Wawanesa paid IRBs from February 2012 until July 14, 2012, when it terminated benefits on the basis of a multidisciplinary insurer examination report which concluded that AG was not disabled from working and that the injuries he sustained in the accident were minor soft tissue injuries.


There is no doubt that AG has significant health challenges, many owing to a post-accident diagnosis relating to a compromised immune system that is unrelated to the accident itself.  By the time of the hearing, AG presented as a person who is suffering.  However, the Arbitrator found that he has failed to prove that the 2011 accident caused an inability to perform the essential tasks of his employment, a complete inability to do any work for which he is reasonably suited, or that his accident-related impairments are not predominantly a minor injury.


The most credible testimony came from AG’s doctors. They all concurred that the injuries were not severe and that AG should attend physio and keep fit. AG complained that attending physio was too painful, yet during the same period travelled by plane overseas without medication or medical aid.


In a case that turns on credibility, discrepancies in AG’s reports to his family doctor, and between his testimony and employment-related records take on greater significance because they are at the heart of the IRBs in dispute.  These discrepancies make AG’s testimony unreliable where it is not corroborated by other evidence.  In this case, the documented evidence relating to AG’s employment directly contradicts his oral representations.  The Arbitrator found that AG’s testimony is unreliable and contradicted by his family doctor’s records and employment and income tax documents; and that he therefore has not proved that, on balance, the accident left him unable to perform the essential tasks of his pre-accident employment or completely unable to engage in any employment for which he is reasonably suited.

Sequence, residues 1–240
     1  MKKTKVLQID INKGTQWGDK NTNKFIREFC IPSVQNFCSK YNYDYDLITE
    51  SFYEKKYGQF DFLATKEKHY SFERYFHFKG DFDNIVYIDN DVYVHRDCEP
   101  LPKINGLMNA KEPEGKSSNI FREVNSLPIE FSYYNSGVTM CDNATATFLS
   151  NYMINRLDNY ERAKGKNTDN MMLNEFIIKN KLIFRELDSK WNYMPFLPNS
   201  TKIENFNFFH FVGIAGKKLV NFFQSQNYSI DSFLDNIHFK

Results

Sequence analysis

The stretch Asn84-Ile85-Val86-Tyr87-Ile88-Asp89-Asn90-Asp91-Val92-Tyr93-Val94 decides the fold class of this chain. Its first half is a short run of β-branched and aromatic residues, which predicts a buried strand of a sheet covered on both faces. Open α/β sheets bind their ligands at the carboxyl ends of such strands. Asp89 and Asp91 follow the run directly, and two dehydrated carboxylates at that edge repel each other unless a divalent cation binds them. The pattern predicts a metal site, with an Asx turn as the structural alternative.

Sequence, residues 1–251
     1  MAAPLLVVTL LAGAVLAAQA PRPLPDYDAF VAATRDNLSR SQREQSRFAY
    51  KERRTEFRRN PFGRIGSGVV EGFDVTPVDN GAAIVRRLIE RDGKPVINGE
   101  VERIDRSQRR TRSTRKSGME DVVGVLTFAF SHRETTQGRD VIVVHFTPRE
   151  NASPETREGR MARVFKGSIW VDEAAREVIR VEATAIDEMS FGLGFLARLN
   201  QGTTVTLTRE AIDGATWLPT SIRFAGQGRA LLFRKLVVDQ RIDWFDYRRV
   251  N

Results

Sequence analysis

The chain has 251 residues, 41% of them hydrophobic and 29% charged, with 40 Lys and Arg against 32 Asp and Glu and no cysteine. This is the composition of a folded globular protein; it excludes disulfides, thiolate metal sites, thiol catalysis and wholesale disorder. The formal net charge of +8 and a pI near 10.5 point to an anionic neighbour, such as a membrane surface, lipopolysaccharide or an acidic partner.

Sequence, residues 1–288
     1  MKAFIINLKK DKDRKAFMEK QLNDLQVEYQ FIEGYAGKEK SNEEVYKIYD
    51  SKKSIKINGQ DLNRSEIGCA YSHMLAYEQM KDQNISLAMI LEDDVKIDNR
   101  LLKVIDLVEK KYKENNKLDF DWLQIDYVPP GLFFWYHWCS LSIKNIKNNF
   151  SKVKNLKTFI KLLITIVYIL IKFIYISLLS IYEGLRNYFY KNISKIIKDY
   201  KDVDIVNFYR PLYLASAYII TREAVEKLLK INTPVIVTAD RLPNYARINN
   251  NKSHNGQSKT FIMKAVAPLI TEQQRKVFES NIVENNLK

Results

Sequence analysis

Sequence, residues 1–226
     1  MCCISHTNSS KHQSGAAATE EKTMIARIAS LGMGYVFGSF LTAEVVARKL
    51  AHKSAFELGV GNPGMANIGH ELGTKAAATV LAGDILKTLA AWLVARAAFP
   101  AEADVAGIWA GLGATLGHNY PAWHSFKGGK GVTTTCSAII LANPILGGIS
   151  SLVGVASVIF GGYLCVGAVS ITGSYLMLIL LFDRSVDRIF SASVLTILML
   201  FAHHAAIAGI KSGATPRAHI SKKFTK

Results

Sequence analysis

Posted under Accident Benefit News, Automobile Accident Benefits, Car Accidents, Catastrophic Injury, Fractures, Minor Injury Guidelines, Pain and Suffering, Treatment

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Deutschmann Law serves South-Western Ontario with offices in Kitchener-Waterloo, Cambridge, Woodstock, Brantford, Stratford and Ayr. The law practice of Robert Deutschmann focuses almost exclusively in personal injury and disability insurance matters. For more information, please visit or call us toll-free at 1-866-414-4878.

It is important that you review your accident benefit file with one of our experienced personal injury / car accident lawyers to ensure that you obtain access to all your benefits which include, but are limited to, things like physiotherapy, income replacement benefits, vocational retraining and home modifications.